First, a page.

T350.97 ± 0.188
T461.07 ± 0.347
TLR2T181.92 ± 1.6030.99720.9972
T281.50 ± 0.649
T351.28 ± 0.432
T462.26 ± 2.100
TLR4T170.89 ± 0.2350.76510.9797
T281.08 ± 0.310
T360.98 ± 0.429
T461.01 ± 0.634
TNFaT181.22 ± 0.4180.73520.9797
T281.12 ± 0.250
T350.96 ± 0.251
T461.20 ± 0.623
ZO1T181.14 ± 0.3210.49490.9514
T281.14 ± 0.123
T361.02 ± 0.278
T460.99 ± 0.165
Values are expressed as relative fold changes normalized by housekeeping genes GAPDH, ACTB, TBP, B2M. p-Values are also adjusted by False Discovery Rate (FDR).


  1. Lallès, J.P.; Bosi, P.; Smidt, H.; Stokes, C.R. Nutritional management of gut health in pigs around weaning. Proc. Nutr. Soc. 2007, 66, 260–268. [Google Scholar] [CrossRef]
  2. Bolhuis, J.E.; Oostindjer, M.; van den Brand, H.; Gerrits, W.J.J.; Kemp, B. Voluntary feed intake in piglets: Potential impact of early experience with flavours derived from the maternal diet. In Voluntary Feed Intake in Pigs; Torrallardona, D., Roura, E., Eds.; Wageningen Academic Publishers: Wageningen, The Netherlands, 2009; pp. 37–60. [Google Scholar]
  3. Kim, J.C.; Hansen, C.F.; Mullan, B.P.; Pluske, J.R. Nutrition and pathology of weaner pigs: Nutritional strategies to support barrier function in the gastrointestinal tract. Anim. Feed Sci. Tech. 2012, 173, 3–16. [Google Scholar] [CrossRef] [Green Version]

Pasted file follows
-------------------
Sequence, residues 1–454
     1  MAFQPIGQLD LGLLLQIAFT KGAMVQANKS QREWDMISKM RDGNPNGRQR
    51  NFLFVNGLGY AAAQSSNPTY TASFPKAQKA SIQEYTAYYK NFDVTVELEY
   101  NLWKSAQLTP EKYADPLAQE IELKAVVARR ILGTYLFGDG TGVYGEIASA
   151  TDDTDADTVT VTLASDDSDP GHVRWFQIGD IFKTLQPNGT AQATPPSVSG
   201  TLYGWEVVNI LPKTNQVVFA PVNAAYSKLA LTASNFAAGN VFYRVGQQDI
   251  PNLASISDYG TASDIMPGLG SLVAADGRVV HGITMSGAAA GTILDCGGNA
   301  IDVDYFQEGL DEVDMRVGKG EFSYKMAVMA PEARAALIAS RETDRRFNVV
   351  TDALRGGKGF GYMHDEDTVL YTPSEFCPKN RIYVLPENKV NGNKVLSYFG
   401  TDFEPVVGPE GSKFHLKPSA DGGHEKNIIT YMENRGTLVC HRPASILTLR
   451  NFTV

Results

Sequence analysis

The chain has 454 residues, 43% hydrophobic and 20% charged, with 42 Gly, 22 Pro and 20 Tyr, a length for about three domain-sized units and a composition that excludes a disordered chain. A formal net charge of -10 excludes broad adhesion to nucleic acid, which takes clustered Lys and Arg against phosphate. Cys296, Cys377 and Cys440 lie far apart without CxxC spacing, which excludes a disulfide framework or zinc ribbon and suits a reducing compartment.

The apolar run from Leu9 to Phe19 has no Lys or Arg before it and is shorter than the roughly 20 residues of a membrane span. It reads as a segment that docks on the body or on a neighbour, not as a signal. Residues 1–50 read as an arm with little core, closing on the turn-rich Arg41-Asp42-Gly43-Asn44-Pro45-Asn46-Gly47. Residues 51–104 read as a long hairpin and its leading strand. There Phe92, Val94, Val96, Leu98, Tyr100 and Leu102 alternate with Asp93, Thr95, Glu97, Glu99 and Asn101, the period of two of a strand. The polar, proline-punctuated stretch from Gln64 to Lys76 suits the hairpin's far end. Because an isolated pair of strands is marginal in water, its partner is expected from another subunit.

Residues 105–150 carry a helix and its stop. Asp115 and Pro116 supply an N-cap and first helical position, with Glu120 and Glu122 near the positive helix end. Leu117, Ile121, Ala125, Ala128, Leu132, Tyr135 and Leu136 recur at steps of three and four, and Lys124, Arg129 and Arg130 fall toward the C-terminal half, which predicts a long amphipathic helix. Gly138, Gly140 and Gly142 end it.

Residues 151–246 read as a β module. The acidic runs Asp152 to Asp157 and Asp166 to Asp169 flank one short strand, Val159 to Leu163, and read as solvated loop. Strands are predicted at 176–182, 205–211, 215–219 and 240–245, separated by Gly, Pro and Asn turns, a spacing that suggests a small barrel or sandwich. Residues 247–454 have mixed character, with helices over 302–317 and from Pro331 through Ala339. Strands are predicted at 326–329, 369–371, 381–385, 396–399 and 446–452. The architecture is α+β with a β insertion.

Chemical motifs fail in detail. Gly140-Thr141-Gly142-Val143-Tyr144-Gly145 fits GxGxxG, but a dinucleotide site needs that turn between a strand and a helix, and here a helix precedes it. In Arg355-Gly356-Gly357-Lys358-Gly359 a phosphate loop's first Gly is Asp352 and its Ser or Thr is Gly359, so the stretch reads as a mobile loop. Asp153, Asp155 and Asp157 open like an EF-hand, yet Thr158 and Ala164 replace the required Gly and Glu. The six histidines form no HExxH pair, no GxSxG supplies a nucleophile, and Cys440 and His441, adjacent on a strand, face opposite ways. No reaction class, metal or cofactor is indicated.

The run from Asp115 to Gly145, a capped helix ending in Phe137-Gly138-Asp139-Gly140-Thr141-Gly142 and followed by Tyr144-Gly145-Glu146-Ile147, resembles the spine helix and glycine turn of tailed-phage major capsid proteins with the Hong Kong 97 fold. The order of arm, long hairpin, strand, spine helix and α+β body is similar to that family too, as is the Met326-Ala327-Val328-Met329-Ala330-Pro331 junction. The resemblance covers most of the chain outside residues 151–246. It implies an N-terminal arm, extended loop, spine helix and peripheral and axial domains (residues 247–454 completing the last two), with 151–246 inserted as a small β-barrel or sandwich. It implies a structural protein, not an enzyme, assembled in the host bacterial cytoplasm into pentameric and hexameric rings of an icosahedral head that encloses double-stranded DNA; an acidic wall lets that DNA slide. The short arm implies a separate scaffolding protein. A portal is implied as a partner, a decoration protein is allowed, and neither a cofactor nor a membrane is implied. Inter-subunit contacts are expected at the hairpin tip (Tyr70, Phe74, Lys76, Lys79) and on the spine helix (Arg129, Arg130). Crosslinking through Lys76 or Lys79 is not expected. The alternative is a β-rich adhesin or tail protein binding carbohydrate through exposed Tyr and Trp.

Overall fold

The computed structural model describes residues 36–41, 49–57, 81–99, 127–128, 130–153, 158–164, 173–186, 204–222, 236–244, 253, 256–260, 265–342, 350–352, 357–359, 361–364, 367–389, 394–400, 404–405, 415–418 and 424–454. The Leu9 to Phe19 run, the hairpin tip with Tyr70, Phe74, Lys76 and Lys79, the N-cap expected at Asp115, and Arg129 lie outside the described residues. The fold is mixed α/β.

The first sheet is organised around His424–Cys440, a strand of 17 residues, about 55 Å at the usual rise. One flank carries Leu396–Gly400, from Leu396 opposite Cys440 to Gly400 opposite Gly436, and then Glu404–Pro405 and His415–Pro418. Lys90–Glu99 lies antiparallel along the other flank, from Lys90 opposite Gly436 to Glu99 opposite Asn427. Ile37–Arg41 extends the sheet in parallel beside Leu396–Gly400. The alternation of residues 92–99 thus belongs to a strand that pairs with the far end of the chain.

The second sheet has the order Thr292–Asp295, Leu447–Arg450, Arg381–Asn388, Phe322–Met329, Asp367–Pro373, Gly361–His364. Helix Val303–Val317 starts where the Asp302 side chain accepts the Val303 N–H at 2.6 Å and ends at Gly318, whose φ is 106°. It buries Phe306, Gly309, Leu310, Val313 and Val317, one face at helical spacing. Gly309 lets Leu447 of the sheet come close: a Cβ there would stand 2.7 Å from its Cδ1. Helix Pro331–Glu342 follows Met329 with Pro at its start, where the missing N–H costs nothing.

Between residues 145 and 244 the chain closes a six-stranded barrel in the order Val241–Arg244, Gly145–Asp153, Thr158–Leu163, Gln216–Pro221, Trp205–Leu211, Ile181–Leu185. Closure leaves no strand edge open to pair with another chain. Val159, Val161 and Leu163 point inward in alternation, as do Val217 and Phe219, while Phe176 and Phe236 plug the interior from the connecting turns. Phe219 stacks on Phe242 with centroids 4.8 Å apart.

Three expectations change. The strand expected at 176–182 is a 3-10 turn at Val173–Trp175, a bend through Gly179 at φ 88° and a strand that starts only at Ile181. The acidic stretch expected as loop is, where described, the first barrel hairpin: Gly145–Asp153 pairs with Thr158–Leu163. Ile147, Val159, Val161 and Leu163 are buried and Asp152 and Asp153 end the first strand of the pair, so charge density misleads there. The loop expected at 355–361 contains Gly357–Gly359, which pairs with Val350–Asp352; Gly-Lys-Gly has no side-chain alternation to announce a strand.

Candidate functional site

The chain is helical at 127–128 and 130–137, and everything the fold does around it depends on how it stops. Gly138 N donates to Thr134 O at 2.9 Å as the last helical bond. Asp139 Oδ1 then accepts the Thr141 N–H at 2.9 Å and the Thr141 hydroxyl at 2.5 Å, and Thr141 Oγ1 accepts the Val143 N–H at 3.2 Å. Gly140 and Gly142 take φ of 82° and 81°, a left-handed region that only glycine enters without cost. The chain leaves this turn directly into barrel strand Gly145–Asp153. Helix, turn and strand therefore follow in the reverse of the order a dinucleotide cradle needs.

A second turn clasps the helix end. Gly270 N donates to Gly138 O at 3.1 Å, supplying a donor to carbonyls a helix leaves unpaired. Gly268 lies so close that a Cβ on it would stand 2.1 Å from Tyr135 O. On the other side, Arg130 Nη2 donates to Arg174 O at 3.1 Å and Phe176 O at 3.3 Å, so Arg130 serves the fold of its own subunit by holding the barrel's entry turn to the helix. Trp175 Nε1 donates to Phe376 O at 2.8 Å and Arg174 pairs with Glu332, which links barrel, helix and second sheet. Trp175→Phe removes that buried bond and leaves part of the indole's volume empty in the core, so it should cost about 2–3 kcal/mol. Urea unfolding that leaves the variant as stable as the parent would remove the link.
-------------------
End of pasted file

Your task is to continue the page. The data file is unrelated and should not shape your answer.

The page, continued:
4. ESVAC 2018. Sales of Veterinary Antimicrobial Agents in 31 European Countries in 2018. Trends from 2010 to 2018. Tenth ESVAC Report. Available online: (accessed on 29 June 2021).
  5. Tallard, G. Global antimicrobial use in the livestock sector. In Trade and Agriculture Directorate Committee for Agriculture; OECD: Paris, France, 2015. [Google Scholar]
  6. Karásková, K.; Suchý, P.; Straková, E. Current use of phytogenic feed additives in animal nutrition: A review. Czech J. Anim. Sci. 2015, 60, 521–530. [Google Scholar] [CrossRef] [Green Version]
  7. Yan, L.; Wang, J.P.; Kim, H.J.; Meng, Q.W.; Ao, X.; Hong, S.M.; Kim, I.H. Influence of essential oil supplementation and diets with different nutrient densities on growth performance, nutrient digestibility, blood characteristics, meat quality and fecal noxious gas content in grower-finisher pigs. Livest. Sci. 2010, 120, 115–122. [Google Scholar] [CrossRef]